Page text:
[forthright] Reputation Versus Reality

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From: "Forthright Magazine" <forthrightmag@...>
Date: Sat, 07 Jul 2007 16:22:23 -0300
Forthright Magazine
Straight to the Cross

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Reputation Versus Reality
by Michael E. Brooks

   Woe to you, Chorazin! Woe to you,
   Bethsaida! For if the mighty works which
   were done in you had been done in Tyre and
   Sidon, they would have repented long ago
   in sackcloth and ashes .... And you,
   Capernaum, who are exalted to heaven, will
   be brought down to Hades; for if the
   mighty works which were done in you had
   been done in Sodom, it would have remained
   until this day.          Matthew 11:21, 23

Places frequently have particular reputations for
culture, beauty, influence or life style. The mere
mention of San Francisco, Los Vegas, New York,
London, Rio de Janeiro, Bangkok, Hong Kong, or
Paris (to name only a few) brings instant
association for good or bad to most who hear.
Other less famous locations have similar
associations for those who have experience there.

Some places cultivate reputations for good,
featuring the beauty and innate value of the
geographic area, historical, artistic or
architectural features, or other positive
contributions. In contrast, other places seem to
delight in unsavory reputations. 

In the ancient world, this last category was
represented by cities such as Sodom, Gomorrah,
Tyre, Sidon, Nineveh, Rome and Corinth. To the
Jewish people in particular each of these cities
was known for its paganism, corruption and
pervasive evil. They had no doubt that God's
judgment against them would be swift and terrible.
In contrast the faithful cities and peaceful
villages of Israel such as Capernaum, Bethsaida,
and Chorazin would surely find favor in the sight
of God.

In the midst of these comfortable assumptions
Jesus proclaimed woe to the inhabitants of these
"righteous" places. Things were not what they
seemed to be. They claimed to be servants of God,
but the truth was that they had rejected him and
the one whom he had sent.

They did this even in spite of great and repeated
miracles testifying to his identity and authority.
Jesus stated that if some of the most wicked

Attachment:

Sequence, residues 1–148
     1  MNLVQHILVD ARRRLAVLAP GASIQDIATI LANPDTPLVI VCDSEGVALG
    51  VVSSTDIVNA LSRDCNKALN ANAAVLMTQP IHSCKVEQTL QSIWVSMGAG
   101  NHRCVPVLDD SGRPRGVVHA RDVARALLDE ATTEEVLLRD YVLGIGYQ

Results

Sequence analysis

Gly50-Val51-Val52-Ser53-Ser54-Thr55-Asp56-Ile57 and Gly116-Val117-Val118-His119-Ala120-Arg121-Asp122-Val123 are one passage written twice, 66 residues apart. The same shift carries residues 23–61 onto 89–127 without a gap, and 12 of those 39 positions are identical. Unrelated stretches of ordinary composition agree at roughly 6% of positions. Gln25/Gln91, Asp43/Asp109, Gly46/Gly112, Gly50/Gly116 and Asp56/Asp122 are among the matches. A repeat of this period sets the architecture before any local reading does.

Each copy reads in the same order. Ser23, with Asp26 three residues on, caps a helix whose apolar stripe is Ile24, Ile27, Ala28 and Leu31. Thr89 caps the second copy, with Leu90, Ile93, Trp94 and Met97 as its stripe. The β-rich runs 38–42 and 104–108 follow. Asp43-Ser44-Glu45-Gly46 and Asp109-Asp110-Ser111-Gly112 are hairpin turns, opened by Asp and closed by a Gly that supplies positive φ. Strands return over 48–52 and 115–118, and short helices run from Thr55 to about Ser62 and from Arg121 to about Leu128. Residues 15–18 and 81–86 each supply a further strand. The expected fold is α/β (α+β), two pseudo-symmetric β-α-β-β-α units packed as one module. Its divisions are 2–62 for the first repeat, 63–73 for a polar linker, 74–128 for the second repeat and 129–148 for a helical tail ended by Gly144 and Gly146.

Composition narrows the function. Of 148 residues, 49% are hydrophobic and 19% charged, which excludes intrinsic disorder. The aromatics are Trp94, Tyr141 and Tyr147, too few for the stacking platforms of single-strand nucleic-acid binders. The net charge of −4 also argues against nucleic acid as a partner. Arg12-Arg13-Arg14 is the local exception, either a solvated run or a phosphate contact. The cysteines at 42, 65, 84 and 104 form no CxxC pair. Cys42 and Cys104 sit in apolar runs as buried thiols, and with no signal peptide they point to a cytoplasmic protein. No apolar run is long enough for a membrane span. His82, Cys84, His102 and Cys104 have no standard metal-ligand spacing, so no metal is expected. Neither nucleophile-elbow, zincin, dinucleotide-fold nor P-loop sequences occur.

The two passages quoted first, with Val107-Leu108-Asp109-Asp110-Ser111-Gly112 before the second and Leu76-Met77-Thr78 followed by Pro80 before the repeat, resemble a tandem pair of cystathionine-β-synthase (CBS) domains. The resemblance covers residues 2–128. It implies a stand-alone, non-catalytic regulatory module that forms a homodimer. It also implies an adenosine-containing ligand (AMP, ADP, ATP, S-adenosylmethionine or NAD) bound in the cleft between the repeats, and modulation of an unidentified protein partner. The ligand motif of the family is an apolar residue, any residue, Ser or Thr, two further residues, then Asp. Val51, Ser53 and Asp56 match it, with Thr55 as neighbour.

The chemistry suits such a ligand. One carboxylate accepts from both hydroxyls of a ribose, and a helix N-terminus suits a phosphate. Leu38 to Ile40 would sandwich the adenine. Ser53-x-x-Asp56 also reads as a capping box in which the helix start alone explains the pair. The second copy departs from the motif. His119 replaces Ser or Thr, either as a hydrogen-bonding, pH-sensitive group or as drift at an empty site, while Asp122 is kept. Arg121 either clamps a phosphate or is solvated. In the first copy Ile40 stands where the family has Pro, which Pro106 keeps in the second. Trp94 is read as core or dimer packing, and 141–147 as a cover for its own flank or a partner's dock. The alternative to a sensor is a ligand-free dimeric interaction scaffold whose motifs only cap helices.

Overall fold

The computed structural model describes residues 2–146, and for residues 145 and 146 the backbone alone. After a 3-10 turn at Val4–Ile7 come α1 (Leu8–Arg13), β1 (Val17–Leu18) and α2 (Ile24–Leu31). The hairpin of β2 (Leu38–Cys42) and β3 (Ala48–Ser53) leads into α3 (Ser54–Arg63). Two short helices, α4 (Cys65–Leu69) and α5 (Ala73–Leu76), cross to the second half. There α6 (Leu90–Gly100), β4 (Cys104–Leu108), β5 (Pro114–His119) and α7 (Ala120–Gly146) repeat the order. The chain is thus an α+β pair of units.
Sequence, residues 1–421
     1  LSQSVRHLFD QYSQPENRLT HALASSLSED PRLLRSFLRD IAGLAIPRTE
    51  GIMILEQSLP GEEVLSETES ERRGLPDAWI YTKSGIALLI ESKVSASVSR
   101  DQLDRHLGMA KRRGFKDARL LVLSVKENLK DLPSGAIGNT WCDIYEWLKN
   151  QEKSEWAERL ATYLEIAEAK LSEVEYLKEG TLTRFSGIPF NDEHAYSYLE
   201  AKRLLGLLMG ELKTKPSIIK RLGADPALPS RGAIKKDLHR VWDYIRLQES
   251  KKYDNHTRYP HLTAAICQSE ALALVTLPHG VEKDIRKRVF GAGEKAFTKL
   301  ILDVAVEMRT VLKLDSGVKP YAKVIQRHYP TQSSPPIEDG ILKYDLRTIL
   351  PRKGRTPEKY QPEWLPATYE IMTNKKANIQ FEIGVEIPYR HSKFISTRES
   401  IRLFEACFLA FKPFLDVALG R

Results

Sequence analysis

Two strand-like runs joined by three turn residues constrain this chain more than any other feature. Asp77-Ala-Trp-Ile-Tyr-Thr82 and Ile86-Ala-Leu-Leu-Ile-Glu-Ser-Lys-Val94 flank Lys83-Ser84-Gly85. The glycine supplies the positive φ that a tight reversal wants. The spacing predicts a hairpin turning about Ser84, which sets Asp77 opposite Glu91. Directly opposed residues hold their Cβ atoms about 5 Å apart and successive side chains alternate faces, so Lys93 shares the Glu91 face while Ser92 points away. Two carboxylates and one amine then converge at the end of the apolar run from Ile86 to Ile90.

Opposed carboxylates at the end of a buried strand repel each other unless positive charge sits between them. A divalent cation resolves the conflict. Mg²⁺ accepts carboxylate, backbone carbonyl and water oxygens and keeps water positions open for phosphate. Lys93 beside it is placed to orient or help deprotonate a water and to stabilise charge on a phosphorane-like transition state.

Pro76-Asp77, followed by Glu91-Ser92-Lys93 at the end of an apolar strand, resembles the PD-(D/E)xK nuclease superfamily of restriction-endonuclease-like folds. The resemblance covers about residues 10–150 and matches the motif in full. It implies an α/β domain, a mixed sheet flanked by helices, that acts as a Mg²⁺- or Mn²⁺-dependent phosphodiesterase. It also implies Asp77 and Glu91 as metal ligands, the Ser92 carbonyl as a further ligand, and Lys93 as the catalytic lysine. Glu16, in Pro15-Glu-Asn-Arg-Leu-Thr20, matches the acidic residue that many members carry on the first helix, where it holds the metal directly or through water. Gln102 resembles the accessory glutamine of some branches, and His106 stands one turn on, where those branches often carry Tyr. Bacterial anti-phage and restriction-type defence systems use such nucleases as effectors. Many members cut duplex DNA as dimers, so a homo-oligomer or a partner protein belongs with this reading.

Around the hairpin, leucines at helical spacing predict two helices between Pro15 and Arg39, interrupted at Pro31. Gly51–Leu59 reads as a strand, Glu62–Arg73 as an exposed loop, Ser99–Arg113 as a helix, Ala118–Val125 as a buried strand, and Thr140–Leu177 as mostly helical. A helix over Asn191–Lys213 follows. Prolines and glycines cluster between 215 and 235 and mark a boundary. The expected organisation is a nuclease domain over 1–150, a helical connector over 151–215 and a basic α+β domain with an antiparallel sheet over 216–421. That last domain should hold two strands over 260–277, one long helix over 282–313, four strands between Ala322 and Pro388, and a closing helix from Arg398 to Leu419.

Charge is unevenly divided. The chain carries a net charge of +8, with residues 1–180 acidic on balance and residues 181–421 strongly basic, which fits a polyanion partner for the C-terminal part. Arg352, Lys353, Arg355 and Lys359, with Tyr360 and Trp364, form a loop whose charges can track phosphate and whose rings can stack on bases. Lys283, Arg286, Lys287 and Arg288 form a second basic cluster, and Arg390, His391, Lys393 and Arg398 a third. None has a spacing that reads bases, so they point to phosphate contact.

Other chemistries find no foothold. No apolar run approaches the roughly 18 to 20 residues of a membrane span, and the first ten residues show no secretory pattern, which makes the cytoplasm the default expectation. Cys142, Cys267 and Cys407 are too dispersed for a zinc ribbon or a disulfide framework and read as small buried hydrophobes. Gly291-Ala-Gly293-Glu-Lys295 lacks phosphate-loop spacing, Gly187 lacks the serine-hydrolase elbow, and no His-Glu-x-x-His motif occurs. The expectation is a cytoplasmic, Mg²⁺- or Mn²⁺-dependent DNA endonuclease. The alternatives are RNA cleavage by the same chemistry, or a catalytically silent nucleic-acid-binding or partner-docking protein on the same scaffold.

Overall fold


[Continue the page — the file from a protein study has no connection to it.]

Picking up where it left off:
cities of the past had seen these miracles, they
would have repented and been forgiven by God. What
a preposterous idea! What an insult! Capernaum
condemned and Sodom forgiven? How could that be?

Many inhabitants of quiet and pleasant places
today might be surprised at God's realistic
assessment of their status. Things are not always
as they seem. A so-called "Christian" nation may
be anything but. A pagan, wicked city may be that
primarily because of ignorance and lack of
opportunity. Even Nineveh, the ancient capital of
Assyria, repented at Jonah's preaching. 

When I mention travel to Asia, Africa or other
remote (to North Americans) locations, I am
frequently greeted with expressions of alarm or
even distaste.

"Why do you want to go there?"

"Aren't you afraid (of terrorists, crime, disease,

My response is usually, "I have about the same
risks there that I would have in any city in our

The truth is that risks in many exotic places are
far less than in my home territory. The people I
visit are often more honest, more religious and
more receptive than the "righteous" inhabitants of
my native land.

Jesus' point was that it is our willingness to
believe God's word and respond to him that
determines true righteousness. Reputation and
perception is of little value.

The Jewish village that claimed to keep the law
but would not recognize prophecy that was
fulfilled in their presence was less righteous
than the idolatrous city which never knew God but
had limited opportunity to acquire such knowledge.

So today the smug, self-righteous "Bible belt"
town may be much further in heart from God than
the foreign cities still enslaved to idols but
willing to turn to the truth when and if they hear

Let us receive the message brought to us by
Christ, lest we also perish.

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